Internet privacy has been a huge issue as of late. At Consider The Consumer, we have brought you the news related to this issue on many fronts. However, there is one way hacks may be getting your private information that you did not consider.
Remember that email account you had in college through the University’s server? You know, the one you haven’t used since you graduated? Well, it seems the dark web is using these old and abandoned email accounts to dig into your background and gather information that can be used to get credit cards, buy cars, homes and take out loans— all without your knowledge. They can also ruin your personal and professional reputation, leaving you in a very vulnerable position with a lot of clean up to do.
Here are four quick steps you can take, though, to protect yourself and your future:
1. Delete all old accounts
This doesn’t just refer to email accounts. If you have old social media accounts that you don’t use, for whatever reason, delete those as well. You have critical identifying information stored there.
2. Use password generators
It is tempting to select a password with some sentimental meaning. But, chances are the people who know you well could probably sit for a while and come up with a probable list of passwords and get close, if not direct access into your accounts. Password generators select random combinations of letters, numbers and special characters that have nothing to do with you as an individual or your personal identity.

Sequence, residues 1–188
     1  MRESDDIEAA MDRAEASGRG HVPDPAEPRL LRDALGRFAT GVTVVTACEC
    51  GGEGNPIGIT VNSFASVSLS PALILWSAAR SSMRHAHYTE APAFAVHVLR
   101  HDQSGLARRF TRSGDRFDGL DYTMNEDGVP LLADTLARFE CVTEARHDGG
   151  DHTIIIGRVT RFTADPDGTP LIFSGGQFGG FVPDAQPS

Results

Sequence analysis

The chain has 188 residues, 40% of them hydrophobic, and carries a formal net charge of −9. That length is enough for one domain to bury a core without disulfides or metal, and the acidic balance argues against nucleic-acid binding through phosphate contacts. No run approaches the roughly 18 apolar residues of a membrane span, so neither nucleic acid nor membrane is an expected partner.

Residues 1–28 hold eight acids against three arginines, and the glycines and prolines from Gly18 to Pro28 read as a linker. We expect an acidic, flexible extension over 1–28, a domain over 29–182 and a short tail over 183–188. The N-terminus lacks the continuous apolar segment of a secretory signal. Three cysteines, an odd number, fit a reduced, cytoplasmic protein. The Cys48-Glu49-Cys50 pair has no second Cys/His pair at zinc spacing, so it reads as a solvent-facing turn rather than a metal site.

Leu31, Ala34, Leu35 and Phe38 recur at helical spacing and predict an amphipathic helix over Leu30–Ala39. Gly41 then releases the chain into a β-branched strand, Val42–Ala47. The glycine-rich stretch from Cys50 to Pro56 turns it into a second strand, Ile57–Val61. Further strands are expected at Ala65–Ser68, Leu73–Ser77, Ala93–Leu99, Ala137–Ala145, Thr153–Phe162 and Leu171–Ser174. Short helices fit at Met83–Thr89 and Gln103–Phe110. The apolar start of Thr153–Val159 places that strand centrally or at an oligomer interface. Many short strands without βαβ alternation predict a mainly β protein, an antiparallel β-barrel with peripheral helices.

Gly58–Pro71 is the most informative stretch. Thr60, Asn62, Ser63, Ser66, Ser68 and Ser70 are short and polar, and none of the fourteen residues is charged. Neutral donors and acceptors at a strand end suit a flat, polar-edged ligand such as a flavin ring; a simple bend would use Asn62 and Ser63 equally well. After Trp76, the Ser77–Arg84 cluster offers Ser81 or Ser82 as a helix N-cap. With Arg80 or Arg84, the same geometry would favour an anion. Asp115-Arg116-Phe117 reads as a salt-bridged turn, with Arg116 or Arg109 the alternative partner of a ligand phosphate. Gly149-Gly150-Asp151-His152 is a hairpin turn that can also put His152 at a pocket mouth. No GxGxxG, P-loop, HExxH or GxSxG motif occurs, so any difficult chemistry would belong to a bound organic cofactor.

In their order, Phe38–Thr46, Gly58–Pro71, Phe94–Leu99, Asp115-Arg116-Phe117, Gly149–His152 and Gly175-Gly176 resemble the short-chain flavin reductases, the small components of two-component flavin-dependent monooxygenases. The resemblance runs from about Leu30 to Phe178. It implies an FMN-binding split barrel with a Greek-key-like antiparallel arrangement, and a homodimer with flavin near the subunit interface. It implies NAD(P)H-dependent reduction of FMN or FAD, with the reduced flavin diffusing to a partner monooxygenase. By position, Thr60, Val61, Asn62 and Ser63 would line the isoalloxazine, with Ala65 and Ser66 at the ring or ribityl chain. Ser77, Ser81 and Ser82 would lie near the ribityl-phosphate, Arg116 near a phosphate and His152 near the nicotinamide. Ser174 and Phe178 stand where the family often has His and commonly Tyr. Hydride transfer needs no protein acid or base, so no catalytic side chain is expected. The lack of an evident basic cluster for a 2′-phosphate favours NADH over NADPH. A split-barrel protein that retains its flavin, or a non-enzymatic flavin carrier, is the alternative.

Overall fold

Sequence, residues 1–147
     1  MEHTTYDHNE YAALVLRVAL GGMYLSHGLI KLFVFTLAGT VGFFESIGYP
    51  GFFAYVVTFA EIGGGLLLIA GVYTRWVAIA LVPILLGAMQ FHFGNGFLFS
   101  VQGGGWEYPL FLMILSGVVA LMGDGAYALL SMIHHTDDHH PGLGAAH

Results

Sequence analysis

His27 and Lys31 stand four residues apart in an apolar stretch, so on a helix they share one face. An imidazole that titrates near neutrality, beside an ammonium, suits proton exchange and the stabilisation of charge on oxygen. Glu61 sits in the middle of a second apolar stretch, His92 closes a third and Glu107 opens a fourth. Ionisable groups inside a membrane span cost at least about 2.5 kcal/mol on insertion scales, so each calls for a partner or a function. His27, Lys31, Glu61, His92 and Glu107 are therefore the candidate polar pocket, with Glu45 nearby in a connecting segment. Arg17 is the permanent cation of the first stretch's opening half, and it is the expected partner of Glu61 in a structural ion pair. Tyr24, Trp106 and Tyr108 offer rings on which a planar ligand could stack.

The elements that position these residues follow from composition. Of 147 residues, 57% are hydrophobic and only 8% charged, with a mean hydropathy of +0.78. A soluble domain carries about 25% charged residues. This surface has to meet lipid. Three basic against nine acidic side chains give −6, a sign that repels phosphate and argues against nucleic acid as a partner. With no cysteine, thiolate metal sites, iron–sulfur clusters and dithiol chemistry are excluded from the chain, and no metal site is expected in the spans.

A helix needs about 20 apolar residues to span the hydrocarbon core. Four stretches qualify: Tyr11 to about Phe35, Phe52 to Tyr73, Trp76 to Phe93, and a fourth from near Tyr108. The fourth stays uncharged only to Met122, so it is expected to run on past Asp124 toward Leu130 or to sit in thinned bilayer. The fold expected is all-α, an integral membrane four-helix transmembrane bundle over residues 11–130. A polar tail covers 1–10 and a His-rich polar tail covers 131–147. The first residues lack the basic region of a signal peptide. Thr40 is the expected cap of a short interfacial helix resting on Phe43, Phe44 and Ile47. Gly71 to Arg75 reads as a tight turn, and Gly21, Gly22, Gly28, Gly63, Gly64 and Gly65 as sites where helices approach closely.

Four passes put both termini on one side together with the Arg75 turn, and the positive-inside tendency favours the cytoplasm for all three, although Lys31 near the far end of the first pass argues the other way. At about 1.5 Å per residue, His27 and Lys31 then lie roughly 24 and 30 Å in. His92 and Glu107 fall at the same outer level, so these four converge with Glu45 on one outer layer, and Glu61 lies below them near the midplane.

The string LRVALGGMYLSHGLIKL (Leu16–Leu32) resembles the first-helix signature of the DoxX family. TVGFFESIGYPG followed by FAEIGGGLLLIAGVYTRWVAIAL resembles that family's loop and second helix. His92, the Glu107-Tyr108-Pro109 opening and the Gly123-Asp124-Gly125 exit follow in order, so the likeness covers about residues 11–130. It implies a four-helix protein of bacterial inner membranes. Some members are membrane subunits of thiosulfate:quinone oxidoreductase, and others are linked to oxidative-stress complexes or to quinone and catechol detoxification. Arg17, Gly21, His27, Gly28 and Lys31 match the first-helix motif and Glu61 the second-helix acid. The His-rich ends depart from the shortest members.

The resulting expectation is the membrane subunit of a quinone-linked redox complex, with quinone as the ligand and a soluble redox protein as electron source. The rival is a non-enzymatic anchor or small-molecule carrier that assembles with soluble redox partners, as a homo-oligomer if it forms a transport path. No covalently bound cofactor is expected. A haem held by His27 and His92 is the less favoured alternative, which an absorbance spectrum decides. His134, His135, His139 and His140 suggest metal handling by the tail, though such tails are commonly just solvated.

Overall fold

3. Enable two-factor authentication
What is cool about this is that you will get codes sent directly to your mobile texts and to your email to verify that it is really you attempting to log on. If both cannot be provided, hackers won’t be granted access and you will be notified that someone tried to access your email or other account.
4. “Devalue” your account
Basically, make those accounts completely worthless to anyone who may try to hack. The best way to do this is to download all the old emails, screenshots, photos, etc. from each that is not a primary account and then erase all that data from the cloud.
Has anyone tried to hack your old email accounts? Tell us about your experience in the comments below. You can also contact us for more information! Feel free to shoot us an email to Outreach@ConsiderTheConsumer.com. You can also find us on Twitter, Facebook, Instagram, LinkedIn, or even connect with us directly on our website!
About the Author: Aisha K. Staggers is a writer, lecturer, political analyst and literary agent. She appears weekly for “Staggers’ State of Things” on the Dr. Vibe Show. Her work has been published by Paper Magazine, AfroPunk, The Spool, GREY Journal, MTV News, HuffPost, Blavity, Atlanta Blackstar, For Harriet, New York Review of Books and a host of other first-run publications and syndicated outlets. Find her on Twitter @AishaStaggers. For more of her work, check out her page here!